And then in general security– like banks and everything that is encrypted. We may not feel it so much in our daily lives, but there is a lot of secrecy and a lot of keys. Because quantum computers are very good at solving the security of classical computers. So definitely there will be a huge impact on that – even if we don’t feel it so closely.
Are there risks, and can you give us some examples?
I cannot really point out a risk. But it’s just the risk that comes with everything that is new. If there is an outbreak, something that is completely new – there is always something bad, and very often we don’t even see it. Of course, if you start thinking about genetic modification or start talking about artificial intelligence: How far should we take it? There are a lot of ethics and morals that will have to be considered there. Again, I cannot point out what the risks are. But it’s definitely something very new that could have a huge impact on our lives. There could be risks, and I am pretty sure there will be risks, but hopefully the reward is compensating for the risk.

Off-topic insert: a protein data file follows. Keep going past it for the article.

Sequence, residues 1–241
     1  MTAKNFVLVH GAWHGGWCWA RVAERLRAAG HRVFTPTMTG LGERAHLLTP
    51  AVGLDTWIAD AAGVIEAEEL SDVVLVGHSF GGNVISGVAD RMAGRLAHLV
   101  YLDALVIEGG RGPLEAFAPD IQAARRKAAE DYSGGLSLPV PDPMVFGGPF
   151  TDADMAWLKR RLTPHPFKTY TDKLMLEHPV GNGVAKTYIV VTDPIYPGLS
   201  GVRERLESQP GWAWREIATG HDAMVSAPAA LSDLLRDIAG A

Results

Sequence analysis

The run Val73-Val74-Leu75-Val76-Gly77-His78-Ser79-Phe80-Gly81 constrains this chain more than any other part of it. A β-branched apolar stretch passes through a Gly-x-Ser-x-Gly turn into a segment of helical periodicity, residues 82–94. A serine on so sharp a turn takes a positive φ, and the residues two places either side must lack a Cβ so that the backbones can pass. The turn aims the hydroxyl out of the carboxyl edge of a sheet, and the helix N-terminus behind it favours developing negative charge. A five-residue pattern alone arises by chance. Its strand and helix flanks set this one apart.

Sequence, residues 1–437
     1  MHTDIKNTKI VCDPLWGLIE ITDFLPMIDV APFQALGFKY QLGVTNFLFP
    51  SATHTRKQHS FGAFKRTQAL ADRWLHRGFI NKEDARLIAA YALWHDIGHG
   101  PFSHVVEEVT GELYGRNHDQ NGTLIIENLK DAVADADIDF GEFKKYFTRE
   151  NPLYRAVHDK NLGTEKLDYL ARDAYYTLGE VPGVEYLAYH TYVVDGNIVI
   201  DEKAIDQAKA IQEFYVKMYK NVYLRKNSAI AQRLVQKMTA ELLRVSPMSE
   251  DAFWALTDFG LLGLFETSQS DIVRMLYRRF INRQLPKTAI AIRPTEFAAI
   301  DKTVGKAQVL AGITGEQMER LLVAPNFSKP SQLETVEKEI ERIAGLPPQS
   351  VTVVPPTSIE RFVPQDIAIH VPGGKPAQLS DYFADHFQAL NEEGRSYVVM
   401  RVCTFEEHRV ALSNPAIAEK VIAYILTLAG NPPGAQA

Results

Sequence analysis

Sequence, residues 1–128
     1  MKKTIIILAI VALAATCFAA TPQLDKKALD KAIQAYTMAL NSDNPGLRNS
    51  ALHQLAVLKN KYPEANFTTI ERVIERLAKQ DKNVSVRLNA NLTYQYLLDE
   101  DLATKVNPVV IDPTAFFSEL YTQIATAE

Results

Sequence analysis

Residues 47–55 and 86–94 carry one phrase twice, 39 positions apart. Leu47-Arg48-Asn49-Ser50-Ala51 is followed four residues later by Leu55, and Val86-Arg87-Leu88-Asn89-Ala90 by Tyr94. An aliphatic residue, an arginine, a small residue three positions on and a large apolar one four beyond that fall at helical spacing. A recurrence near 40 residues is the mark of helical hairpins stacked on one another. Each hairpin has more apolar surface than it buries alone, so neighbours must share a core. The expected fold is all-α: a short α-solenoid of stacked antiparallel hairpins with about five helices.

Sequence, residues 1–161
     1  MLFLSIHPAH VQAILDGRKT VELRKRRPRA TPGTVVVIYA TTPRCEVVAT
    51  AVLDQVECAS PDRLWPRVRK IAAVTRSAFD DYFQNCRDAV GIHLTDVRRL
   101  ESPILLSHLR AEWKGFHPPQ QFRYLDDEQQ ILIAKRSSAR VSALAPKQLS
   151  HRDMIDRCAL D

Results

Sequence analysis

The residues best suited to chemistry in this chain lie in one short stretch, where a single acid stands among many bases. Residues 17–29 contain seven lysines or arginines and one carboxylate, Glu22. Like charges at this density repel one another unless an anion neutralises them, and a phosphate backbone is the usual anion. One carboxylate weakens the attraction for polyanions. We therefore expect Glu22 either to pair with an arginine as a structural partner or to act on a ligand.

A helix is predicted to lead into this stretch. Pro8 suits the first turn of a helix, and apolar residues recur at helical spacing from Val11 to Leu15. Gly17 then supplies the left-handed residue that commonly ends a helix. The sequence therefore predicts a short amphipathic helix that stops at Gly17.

Another question about the research. Which conditions would be needed at universities in Europe to be ahead in the race for quantum computers, and if you could wish for one thing – what would it be?
I think it all comes down to money at the end of the day. So research, at least in research institutions, is funded by the public’s money most of the time. Very often, as I mentioned [in the talk], it is a technological problem and technology is expensive. Sometimes I feel like we have to spend a lot of resources in writing applications and in writing proposals. Which I understand, because it is very valuable money, and you want to make sure you invest it in the right fields. But a big chunk of being a researcher is getting the money. So if that part would be easier…